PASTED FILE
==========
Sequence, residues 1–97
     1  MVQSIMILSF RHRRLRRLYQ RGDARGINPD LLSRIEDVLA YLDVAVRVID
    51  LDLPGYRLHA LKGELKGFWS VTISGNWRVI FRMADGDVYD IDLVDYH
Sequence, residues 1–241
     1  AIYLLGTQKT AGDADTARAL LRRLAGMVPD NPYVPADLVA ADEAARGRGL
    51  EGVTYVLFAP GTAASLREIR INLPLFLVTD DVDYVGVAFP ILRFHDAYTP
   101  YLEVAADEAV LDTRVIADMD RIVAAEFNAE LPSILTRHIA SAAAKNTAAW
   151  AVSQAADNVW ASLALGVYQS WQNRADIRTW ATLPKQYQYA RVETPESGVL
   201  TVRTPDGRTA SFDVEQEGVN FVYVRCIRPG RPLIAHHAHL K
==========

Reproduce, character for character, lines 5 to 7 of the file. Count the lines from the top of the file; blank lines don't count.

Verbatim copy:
     1  AIYLLGTQKT AGDADTARAL LRRLAGMVPD NPYVPADLVA ADEAARGRGL
    51  EGVTYVLFAP GTAASLREIR INLPLFLVTD DVDYVGVAFP ILRFHDAYTP
   101  YLEVAADEAV LDTRVIADMD RIVAAEFNAE LPSILTRHIA SAAAKNTAAW